11. Skirvin Hotel (Oklahoma City, Oklahoma)
Constructed with oil money earned by W.B. Skirvin, this Oklahoma landmark was a popular speakeasy during Prohibition. Rumor has it that Skirvin had an affair with a maid who became pregnant and was subsequently confined to a room on the top floor to prevent the scandal from leaking out. After the baby was born, the woman became so depressed at her imprisonment that she took the child and jumped out the window. For decades, random guests reported an inability to sleep over the cries of a child coming from somewhere nearby. The hotel was closed in 1988 but recently reopened, and the maid’s spirit is alleged to still haunt its halls.
12. Tutwiler Hotel (Birmingham, Alabama)
The ghost of the titular Colonel Tutwiler is rumored to haunt this Southern hotel. After a string of occurences in which the bartender came to work to find the kitchen appliances running despite having been turned off the night before, the staff began to half-jokingly admonish the ghost of Tutwiler for messing up the kitchen and ask him to not do it again. Weirdly enough, that fixed things, though some people still say you can see the ghost of Tutwiler around the hotel.
13. Plains Hotel (Cheyenne, Wyoming)
Cheyenne’s Plains Hotel opened in 1911 with much fanfare and soon became known for catering to wealthy visitors in the oil and cattle industries. But a sinister event led to what many believe to be the hotel’s haunting. A bride and groom checked into the Plains Hotel on their honeymoon, and one evening the husband met a prostitute in the hotel bar and went back to her room, his wife watching the whole time. The wife took her husband’s gun and followed the couple to their room where she killed them both and then shot herself in the honeymoon suite. All three spirits are said to still linger in the hotel, and staff claim to have heard weeping and crying coming from the couple’s former room even when it’s empty.
14. The Inn at Merridun (Union, South Carolina)
The innkeepers at Merridun cheekily play along with their hotel’s ghostly past. Rumor goes that ten different ghosts or “energy forces” linger at the inn, leading to unusual happenings, freaky sightings, and minor issues like missing or moved possessions.
15. Ballastone Inn (Savannah, Georgia)
Before it was an inn, the Ballastone was the home of General Robert Anderson and his wife, Sarah. Robert fought in the Civil War, and the family lived there into the 1880s. People say you can still see Sarah’s ghost walking along the second floor, or using the elevator.
16. Sheridan Inn (Sheridan, Wyoming)
At one time operated by Buffalo Bill Cody, this inn near the northern border of Wyoming is now the home of Miss Kate, the ghost of a woman who worked at the hotel for 64 years in a variety of positions, including desk clerk and hostess. When Miss Kate died in 1968, her ashes were interred in the wall of her third-floor room, which is prone now to chills and erratic light behavior.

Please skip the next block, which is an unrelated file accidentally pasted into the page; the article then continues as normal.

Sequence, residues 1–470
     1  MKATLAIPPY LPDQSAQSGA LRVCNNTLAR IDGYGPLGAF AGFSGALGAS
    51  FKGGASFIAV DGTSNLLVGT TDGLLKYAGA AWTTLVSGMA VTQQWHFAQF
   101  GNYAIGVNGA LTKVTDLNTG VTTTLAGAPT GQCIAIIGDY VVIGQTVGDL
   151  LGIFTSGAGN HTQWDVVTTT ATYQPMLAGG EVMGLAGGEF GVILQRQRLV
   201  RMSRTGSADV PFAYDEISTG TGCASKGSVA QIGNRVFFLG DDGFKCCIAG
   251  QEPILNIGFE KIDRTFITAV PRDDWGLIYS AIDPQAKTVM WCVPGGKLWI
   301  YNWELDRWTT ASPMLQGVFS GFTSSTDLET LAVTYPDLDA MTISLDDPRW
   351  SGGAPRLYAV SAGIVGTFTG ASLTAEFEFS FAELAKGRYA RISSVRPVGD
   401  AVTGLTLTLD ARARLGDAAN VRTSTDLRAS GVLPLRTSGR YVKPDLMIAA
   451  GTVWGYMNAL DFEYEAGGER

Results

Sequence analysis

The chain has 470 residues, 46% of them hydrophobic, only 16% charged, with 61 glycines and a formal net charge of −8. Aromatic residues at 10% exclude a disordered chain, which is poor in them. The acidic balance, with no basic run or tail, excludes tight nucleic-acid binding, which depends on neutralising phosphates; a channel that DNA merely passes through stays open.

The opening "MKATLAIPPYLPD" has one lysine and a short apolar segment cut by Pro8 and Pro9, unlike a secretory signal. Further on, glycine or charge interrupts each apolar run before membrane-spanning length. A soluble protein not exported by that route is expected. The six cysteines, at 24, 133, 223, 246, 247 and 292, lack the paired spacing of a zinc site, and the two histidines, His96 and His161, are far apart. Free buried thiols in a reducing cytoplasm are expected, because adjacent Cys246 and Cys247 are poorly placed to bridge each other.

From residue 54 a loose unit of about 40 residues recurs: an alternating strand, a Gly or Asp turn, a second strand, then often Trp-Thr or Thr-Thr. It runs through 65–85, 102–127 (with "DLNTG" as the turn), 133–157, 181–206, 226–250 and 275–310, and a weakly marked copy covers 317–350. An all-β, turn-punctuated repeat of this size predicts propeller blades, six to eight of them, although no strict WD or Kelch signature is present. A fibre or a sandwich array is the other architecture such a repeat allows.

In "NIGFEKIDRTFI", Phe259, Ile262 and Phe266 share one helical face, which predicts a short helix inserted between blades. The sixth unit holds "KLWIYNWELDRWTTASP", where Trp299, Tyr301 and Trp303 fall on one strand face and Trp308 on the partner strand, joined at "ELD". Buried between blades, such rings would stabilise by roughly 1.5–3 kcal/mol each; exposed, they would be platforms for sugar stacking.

17. Buxton Inn (Granville, Ohio)
One of the most ghost-filled places in the state, Ohio’s Buxton Inn is known for its many hauntings. Reports of spirit sightings date back to the 1920s, when people saw what looked like Orrin Granger, the man who built the inn early in the 1800s. There’s also Bonnie, a former innkeeper who died in room 9 and reportedly haunts it to this day. Guests in the room claim to have seen a woman dressed in blue, which was Bonnie’s favorite color.
18. Laguna Vista (Eagle Nest, New Mexico)
This one’s another honeymoon of heartbreak. There are many spirits said to be stuck haunting the Laguna Vista, including a young bride whose husband went out on a hunting trip and never returned, forcing her to work as a saloon girl to suppoert herself. Some people say they’ve seen her spirit hanging around the building, looking for husband. Other ghostly occurences include a piano that plays when no one is around.
19. Glick Mansion Bed & Breakfast (Atchison, Kansas)
Billed as the most haunted town in Kansas, Atchison has its share of attractions rumored to be populated by spirits from beyond the grave. The Glick Mansion, home of one-time Kansas governor George Washington Glick (in office from 1883-1885), is a tourist destination that’s also on the National Register of Historic Places. It’s also the supposed home to a benevolent ghost that’s prone to open and close doors at random.
20. Lemp Mansion (St. Louis, Missouri)
The Lemp Mansion has seen several incarnations before its current status as a hotel. The Lemp family was a major name in breweries in St. Louis before Prohibition, but their family empire fell to ruin, divorce, and death by suicide. The building is considered one of the most haunted in the country, and the various members of the Lemp clan have been seen roaming the halls. People have also said they’ve seen candles light themselves, doors open on their own, and glasses flying off shelves to crash on the floor.
Source: Hospitality Management Schools